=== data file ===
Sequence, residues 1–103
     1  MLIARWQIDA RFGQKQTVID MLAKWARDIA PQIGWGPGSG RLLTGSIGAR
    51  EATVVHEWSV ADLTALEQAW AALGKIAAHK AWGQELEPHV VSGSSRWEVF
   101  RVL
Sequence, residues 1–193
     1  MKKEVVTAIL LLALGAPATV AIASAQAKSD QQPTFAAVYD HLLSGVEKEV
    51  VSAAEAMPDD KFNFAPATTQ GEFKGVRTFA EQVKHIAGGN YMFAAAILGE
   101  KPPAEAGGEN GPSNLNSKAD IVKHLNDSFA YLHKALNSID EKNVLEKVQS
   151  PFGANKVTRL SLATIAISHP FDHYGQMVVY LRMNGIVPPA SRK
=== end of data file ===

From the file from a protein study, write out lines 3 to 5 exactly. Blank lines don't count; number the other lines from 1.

    51  EATVVHEWSV ADLTALEQAW AALGKIAAHK AWGQELEPHV VSGSSRWEVF
   101  RVL
Sequence, residues 1–193